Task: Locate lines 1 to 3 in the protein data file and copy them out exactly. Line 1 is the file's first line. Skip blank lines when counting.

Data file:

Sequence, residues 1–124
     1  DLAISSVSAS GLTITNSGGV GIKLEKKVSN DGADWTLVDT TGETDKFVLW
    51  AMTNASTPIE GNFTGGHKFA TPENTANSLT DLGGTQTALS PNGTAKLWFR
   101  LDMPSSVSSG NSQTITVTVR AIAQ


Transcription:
Sequence, residues 1–124
     1  DLAISSVSAS GLTITNSGGV GIKLEKKVSN DGADWTLVDT TGETDKFVLW
    51  AMTNASTPIE GNFTGGHKFA TPENTANSLT DLGGTQTALS PNGTAKLWFR